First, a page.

Review: CÓMPLICES Doesn't Bring Anything Fresh To The Romance/Comedy Film

Cómplices is another production presented by Pantelion Films, the company owned by Lionsgate and Mexico’s Televisa. Unlike Pantelion’s bilingual How to Be a Latin Lover, Luis Eduardo Reyes’ Cómplices is not really targeting the latino audience in the United States, as it was mostly filmed in Dominican Republic with local actors, even if the main cast is entirely Mexican.

As an opportunity to promote tourism to said Caribbean country, the movie quickly establishes a beach vacation as its scenario, when the main character, a Mexican casanova in his forties (Arath de la Torre), decides that it’s time for another of his typical hunts for the hottest women in the world.

The conflict, though, comes from the fact that due to his sickness, the protagonist’s best friend and usual accomplice can’t join him in this journey for beautiful Dominican girls. In consequence, the master seducer takes his new protegé to the Caribbean: his young and geeky nephew (Jesús Zavala), who is depressed after his girlfriend cheated on him and who, obviously, doesn’t know anything at all about the art of seduction.

We know by memory this type of protagonist and setting, as we’ve seen Charlie Sheen as Charlie Harper taking care of his brother’s nerdy son, or Robert Downey Jr. as Tony Stark with Tom Holland’s Peter Parker as a son-like figure. Hell, even at one point in How to Be a Latin Lover, Eugenio Derbez must pass on his ability to seduce the opposite sex to his innocent little nephew; therefore it’s safe to say that Cómplices isn’t even trying, in any way, shape or form, to bring something fresh to the comedy or romance film.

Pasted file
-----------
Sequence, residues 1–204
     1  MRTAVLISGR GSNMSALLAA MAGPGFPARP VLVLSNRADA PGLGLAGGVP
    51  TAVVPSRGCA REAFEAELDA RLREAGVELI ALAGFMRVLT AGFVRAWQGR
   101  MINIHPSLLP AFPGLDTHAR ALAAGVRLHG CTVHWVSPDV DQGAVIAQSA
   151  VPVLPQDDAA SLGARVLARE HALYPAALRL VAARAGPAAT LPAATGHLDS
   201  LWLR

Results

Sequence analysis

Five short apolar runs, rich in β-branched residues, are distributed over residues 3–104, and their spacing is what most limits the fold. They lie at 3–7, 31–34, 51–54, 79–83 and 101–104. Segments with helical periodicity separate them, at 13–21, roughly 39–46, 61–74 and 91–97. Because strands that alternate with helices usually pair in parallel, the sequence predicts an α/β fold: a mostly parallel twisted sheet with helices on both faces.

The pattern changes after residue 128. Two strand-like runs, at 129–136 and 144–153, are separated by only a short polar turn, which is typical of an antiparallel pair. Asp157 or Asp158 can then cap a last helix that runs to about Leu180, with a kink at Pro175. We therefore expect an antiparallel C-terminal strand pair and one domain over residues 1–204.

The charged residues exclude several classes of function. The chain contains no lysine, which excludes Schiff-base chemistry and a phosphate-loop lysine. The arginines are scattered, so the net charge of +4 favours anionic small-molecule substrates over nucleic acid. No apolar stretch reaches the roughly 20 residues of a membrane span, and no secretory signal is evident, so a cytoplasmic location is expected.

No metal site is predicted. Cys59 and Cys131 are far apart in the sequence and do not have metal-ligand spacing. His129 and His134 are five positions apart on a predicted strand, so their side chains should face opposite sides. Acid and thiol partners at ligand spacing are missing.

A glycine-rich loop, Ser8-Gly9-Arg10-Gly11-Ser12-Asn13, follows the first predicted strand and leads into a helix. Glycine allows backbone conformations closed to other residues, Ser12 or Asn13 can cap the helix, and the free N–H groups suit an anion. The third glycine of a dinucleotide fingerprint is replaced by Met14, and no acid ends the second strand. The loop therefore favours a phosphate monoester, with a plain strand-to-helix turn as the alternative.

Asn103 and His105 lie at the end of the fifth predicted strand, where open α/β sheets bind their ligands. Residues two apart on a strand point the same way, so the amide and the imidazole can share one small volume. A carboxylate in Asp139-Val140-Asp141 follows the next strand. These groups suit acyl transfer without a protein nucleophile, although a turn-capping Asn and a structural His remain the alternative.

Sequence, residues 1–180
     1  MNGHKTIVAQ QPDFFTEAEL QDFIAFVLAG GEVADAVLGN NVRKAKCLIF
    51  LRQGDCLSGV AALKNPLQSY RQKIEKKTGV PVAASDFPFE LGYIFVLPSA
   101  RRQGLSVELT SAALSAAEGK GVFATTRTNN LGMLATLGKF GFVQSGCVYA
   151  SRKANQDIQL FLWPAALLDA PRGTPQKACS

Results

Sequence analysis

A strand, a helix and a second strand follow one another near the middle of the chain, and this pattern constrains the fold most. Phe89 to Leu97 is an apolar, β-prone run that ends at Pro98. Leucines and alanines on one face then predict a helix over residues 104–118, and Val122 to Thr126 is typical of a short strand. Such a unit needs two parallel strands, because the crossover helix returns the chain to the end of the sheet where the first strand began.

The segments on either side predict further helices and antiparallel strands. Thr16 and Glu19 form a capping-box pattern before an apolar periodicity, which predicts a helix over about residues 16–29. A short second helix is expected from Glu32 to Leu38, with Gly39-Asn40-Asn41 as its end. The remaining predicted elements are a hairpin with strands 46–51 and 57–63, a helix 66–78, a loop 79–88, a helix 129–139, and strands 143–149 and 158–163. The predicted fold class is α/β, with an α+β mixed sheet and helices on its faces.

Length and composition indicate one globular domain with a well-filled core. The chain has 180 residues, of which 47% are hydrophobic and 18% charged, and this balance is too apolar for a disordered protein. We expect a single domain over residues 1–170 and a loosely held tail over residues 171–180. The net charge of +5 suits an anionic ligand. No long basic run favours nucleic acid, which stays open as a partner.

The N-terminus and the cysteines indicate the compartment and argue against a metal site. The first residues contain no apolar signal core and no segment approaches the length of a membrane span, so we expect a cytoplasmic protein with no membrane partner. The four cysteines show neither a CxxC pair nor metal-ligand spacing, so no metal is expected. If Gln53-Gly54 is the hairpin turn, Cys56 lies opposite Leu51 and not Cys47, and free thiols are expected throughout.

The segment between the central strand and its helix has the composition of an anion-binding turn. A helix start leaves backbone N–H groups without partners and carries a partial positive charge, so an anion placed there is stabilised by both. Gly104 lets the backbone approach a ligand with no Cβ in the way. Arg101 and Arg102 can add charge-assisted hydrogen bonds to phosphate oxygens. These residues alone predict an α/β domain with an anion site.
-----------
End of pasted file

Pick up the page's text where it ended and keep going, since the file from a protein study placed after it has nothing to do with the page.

The fact that the “cool", heart of stone casanova ends revealing himself as a broken soul - who once had a true love but didn’t work out - doesn’t strike as a surprise either. This is, certainly, formulaic filmmaking that is destined to do OK at the box office, but that will hardly remain in my memory by the time 2018 is over.

Watching Arath de la Torre’s character running into his ex girlfriend (Marina de Tavira) - right there at the Dominican hotel and for a reason later revealed as part of someone else’s masterplan, because why not? - and eventually redeeming himself and changing his superficial, macho lifestyle, while his nephew learns his own lesson as well, is not really as baffling as other recent Mexican mainstream efforts, but, quite simply, previsible, harmless and unremarkable.

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